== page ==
Uninformed Mistake 2: Trusting the Wrong Banker
A banker is a vendor, and a banker “sells money.” So how do you know you have the right banker on your side? After all, you solicit a loan from a banker just as you would ask for a quote from any vendor.
If this is your first time selecting a banker, you may have no idea whether that banker can actually move from their proposal to closing under the terms proposed and in the amount of time established in their proposal.
Remember, a banker’s proposal is subject to “conditions,” and those conditions might prove incorrect. Therefore, between the date of the signed proposal until the date you actually get the money, a banker may change the terms because the conditions relied upon were unsupportable.
Most buyers make two other mistakes when selecting a banker. First, the buyer might start looking for bankers while still in the deal, which is too late. Both parties face time pressures and might have already made commitments.
Second, buyers often talk to one banker at a time. When we work with buyers, we solicit multiple lenders at once and give them a deadline to submit their offers. Thus, we see the offers in a comparative light. Moreover, lenders realize they are bidding for the loan, which typically causes them to offer more competitive terms.
Uninformed Mistake 3: Bad Lawyering
Most people trust and love their lawyers – someone who is typically an honorable person. During the purchase or sale of a funeral home, however, it’s more important to have a knowledgeable lawyer on your side than an attorney you love. The reason is because buying or selling a funeral home is not like buying or selling a bowling alley, for instance. Sure, selling either business involves many unique aspects, respectively, but bowling alleys simply do not involve preneed and do not face the same amount of state regulation!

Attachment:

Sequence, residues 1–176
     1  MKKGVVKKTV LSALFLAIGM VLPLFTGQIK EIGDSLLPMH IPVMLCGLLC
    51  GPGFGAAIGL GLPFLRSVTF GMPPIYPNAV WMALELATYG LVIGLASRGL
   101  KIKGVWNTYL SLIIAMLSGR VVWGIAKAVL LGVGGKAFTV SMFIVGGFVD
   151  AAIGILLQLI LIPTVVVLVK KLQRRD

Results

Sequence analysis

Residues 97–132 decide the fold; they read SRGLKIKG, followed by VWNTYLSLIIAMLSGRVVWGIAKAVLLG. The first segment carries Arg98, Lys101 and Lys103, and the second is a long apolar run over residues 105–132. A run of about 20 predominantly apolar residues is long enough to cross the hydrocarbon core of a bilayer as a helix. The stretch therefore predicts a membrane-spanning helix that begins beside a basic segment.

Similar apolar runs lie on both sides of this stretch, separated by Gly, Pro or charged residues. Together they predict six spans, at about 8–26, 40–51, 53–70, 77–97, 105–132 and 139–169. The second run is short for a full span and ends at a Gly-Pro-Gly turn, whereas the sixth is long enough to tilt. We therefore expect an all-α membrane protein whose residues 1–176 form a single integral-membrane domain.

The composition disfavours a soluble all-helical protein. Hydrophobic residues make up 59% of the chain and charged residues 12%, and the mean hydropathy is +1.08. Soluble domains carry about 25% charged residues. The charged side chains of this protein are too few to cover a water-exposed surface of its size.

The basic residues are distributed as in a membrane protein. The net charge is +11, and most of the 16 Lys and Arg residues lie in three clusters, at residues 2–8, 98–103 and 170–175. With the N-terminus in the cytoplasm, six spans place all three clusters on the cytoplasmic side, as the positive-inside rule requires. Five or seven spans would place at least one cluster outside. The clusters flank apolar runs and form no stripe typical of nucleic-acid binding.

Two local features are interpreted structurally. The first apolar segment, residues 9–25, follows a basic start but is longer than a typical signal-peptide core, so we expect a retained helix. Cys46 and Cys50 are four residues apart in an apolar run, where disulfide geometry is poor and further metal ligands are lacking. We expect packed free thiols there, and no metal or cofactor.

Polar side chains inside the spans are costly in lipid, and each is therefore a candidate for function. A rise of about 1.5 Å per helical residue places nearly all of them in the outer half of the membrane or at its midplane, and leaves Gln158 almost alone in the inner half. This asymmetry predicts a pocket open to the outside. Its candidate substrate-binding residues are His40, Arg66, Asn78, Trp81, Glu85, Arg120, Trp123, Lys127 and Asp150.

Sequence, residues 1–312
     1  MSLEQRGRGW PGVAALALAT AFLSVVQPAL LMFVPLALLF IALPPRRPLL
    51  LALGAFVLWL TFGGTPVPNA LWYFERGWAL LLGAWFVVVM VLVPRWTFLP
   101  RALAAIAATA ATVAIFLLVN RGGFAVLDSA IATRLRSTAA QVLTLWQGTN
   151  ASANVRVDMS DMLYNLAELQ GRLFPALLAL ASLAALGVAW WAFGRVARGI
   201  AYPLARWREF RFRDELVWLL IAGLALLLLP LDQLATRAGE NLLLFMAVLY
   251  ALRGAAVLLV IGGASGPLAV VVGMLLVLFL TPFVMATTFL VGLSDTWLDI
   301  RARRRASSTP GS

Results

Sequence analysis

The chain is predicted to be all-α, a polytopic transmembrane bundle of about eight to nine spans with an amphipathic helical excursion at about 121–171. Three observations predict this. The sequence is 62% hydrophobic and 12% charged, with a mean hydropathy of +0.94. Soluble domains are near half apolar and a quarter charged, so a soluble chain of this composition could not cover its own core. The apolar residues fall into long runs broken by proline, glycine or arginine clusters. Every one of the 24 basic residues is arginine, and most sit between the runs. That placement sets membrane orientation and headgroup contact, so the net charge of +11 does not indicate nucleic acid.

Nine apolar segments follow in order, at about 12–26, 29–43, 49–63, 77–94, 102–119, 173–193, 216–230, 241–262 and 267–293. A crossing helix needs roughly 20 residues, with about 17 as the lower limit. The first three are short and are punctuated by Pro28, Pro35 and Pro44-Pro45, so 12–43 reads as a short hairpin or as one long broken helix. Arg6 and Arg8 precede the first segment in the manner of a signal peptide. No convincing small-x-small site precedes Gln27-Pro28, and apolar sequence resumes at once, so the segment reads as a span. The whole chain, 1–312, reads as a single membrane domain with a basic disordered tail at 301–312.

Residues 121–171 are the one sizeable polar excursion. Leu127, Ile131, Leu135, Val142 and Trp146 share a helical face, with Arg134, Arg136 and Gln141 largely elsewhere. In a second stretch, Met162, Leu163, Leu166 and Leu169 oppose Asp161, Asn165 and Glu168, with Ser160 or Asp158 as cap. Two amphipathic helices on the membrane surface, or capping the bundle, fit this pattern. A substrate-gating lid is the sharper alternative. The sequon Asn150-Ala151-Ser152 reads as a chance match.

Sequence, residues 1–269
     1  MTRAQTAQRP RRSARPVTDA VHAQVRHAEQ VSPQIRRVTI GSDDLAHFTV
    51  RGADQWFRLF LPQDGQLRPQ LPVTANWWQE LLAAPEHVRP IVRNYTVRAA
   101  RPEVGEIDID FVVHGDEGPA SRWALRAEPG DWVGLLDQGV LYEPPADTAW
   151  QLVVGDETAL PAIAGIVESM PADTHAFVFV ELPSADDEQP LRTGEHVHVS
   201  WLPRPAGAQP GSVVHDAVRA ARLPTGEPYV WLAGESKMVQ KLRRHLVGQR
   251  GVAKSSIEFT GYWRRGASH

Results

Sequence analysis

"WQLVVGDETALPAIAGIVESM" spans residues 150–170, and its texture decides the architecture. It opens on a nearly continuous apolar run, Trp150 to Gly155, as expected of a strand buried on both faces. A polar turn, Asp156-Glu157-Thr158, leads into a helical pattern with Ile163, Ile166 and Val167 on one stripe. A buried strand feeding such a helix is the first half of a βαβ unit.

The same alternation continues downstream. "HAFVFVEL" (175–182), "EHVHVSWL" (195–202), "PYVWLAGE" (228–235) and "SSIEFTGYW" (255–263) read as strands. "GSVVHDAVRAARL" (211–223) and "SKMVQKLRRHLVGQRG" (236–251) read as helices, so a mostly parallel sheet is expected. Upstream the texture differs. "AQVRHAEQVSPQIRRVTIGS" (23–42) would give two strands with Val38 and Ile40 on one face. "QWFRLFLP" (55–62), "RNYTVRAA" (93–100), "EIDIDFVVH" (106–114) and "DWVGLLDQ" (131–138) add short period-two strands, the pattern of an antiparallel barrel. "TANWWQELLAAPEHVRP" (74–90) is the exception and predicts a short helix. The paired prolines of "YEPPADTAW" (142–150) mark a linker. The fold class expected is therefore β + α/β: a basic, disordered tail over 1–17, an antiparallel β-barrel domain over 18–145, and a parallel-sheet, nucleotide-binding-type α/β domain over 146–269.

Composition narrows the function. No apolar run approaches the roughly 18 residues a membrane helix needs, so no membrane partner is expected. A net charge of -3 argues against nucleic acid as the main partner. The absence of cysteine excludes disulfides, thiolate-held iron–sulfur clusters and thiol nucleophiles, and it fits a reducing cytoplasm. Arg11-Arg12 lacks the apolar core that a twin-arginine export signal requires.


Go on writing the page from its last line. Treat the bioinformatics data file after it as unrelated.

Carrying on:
The biggest part of any purchase/sale agreement involves “representations,” which are presentations of fact made by one party to the other in a contract. A lawyer who has never bought or sold a funeral home has no idea which customary representations to include in those legal documents.
Furthermore, when you make representations, you need to back them up with warranties. Therefore, that friendly lawyer you love might not know which warranties to include. At best, the buyer or seller might get lucky; at worst, he or she will meet a new lawyer called a “litigator.”
Bad lawyering can really hurt you. For example, in a recent case, the seller’s lawyer said he could represent the buyer as well, arguing that he has known this business his entire life. Therefore, he drafted the sale documents but did not include a “Covenant Not To Compete” clause for the seller, who was retiring. This shouldn’t be a problem, right? Well, two years after the sale, the seller started to work for a competitor and began soliciting preneed contracts from his former firm to move with him.